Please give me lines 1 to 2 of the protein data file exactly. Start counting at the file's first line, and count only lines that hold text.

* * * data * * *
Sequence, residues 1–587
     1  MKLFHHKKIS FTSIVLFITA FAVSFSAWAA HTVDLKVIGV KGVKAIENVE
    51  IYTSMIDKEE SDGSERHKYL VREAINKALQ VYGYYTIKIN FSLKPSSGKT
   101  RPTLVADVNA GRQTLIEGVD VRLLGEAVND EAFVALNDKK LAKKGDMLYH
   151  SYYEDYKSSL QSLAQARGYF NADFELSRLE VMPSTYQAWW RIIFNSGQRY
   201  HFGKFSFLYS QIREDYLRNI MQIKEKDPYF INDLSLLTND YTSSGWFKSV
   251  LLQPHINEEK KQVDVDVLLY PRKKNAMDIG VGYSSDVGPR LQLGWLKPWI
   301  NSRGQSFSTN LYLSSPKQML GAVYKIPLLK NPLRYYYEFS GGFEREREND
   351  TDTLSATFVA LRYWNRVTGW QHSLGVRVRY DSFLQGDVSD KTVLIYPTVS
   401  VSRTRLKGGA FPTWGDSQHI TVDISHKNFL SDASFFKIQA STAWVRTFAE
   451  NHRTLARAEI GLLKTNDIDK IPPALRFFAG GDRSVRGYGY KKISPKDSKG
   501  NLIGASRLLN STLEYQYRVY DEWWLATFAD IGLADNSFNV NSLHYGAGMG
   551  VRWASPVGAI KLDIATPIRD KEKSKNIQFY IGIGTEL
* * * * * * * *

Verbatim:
Sequence, residues 1–587
     1  MKLFHHKKIS FTSIVLFITA FAVSFSAWAA HTVDLKVIGV KGVKAIENVE